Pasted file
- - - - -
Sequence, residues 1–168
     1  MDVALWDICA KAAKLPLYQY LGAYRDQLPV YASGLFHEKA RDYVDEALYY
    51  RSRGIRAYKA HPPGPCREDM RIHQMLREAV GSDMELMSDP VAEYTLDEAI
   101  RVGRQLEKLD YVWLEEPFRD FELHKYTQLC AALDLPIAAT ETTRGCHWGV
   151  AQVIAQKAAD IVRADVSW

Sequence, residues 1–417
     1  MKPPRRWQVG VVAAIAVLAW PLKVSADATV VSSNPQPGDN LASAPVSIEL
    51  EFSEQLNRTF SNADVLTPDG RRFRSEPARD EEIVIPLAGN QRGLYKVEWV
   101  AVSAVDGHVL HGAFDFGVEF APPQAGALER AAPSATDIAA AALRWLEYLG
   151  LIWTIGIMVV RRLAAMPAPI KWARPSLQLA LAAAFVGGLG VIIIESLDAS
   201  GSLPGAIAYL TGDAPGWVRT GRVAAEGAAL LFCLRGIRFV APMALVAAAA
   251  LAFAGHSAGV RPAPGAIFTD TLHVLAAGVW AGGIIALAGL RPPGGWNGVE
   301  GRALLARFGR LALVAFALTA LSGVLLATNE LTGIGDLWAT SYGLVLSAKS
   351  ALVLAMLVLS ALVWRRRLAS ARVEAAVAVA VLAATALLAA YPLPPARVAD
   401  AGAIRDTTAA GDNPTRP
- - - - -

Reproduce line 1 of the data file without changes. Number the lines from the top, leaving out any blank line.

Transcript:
Sequence, residues 1–168